Legislative Assembly for the ACT: 2002 Week 1 Hansard (12 December) . . Page.. 117..
MR STEFANIAK (continuing):
Mr Speaker, in April 2000, the directors of public prosecutions of the Commonwealth, the states and the territories met in Brisbane and passed two resolutions of significance to the administration of the criminal law. These resolutions were adopted unanimously. The first resolution was that it be recommended to the respective attorneys that the Standing Committee of Attorneys-General should consider amending our laws to provide for prosecution appeals against verdicts of acquittal. I will not deal with the second one, which was about a completely separate matter.
The Standing Committee of Attorneys-General looked at this matter favourably and left it to each jurisdiction to see what it should do. Tasmania and Western Australia have already enacted legislation to give the Crown a limited right of appeal. All the ACT and the other states, apart from those two, have at present is what are called reference appeals whereby, if a judge makes a gross error of law that leads to an acquittal, for example, all that can occur at present is that it can go to the Federal Court and the Federal Court can look at the matter and say that the judge made a bad error of law there and that becomes a precedent, but it does not rectify the situation.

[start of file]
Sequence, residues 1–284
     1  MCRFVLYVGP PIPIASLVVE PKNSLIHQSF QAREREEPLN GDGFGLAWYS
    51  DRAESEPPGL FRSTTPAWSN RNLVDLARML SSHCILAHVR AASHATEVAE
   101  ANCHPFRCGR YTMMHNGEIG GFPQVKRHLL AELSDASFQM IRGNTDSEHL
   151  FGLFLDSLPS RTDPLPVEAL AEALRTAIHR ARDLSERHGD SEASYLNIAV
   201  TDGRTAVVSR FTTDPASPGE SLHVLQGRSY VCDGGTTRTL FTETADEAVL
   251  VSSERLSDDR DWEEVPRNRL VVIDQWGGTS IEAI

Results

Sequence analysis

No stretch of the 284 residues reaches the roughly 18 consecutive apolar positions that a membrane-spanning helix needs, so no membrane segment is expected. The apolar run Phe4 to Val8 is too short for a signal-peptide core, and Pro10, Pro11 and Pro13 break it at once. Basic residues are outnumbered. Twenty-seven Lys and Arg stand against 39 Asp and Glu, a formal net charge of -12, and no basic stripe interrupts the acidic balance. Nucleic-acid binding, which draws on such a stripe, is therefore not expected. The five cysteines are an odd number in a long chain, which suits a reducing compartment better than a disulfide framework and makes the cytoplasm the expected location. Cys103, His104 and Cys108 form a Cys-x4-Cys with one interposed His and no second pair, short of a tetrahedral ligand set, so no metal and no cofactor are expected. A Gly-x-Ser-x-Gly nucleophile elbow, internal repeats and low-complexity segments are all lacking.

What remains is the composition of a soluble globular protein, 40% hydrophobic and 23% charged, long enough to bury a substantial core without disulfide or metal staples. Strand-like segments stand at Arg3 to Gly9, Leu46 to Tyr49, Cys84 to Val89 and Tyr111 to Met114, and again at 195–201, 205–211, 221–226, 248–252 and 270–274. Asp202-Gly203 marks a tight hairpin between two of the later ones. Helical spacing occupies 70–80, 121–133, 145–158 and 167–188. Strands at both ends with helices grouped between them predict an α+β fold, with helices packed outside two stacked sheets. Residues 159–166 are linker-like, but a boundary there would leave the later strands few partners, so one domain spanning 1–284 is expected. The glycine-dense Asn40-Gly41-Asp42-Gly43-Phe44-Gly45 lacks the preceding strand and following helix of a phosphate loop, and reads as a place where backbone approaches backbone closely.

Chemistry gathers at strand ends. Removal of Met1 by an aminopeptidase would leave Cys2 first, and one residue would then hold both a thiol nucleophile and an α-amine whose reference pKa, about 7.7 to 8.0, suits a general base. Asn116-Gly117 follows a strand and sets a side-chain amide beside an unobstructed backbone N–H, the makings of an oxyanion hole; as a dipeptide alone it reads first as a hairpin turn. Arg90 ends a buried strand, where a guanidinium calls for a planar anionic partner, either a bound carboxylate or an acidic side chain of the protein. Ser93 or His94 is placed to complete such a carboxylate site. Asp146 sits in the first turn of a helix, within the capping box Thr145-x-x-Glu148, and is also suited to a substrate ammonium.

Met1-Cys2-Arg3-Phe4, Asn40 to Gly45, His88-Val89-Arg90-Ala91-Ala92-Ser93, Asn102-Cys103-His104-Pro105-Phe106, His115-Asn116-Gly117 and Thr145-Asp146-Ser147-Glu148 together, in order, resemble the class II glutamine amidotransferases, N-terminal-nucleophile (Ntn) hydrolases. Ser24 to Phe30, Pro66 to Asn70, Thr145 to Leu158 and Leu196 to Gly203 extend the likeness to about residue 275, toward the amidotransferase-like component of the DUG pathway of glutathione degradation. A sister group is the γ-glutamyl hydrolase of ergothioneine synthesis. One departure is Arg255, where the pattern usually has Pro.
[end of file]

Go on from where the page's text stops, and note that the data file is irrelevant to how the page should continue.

Tasmania and Western Australia have now moved, in accordance with the matters discussed by the Standing Committee of Attorneys-General and the unanimous recommendation of the directors of public prosecutions in April 2000 to rectify those types of situations. New Zealand and Canada also have similar provisions in their law.
Mr Speaker, comments have been made about double jeopardy. I would like to say a few words in relation to that. There is a long-standing principle in that regard. Indeed, it is stated in article 14 (7) of the International Covenant on Civil and Political Rights, which reads:
No one shall be liable to be tried or punished again for an offence for which he has already been finally convicted or acquitted in accordance with the law and penal procedure of each country.
The key words there, Mr Speaker, are "finally convicted or acquitted". This bill is completely consistent with that in that what would occur would be a final conviction or a final acquittal because, if an error of law has been made, a new trial would be ordered-a new trial which, properly conducted, would then lead to either an acquittal or a conviction.
A fairly learned dissertation in relation to double jeopardy was given when this matter was before the previous Assembly. I understand that it came from the report of the scrutiny of bills committee. In Kepner v United States in 1904, Holmes J stated:
... logically and rationally a man cannot be said to be more than once in jeopardy in the same cause, however often he may be tried. The jeopardy is one continuing jeopardy from its beginning to the end of the cause. Everyone agrees that the principle in its origin was a law forbidding a trial in a new and independent case where a man already had been tried once. But there is no rule that a man may not be tried twice in the same case.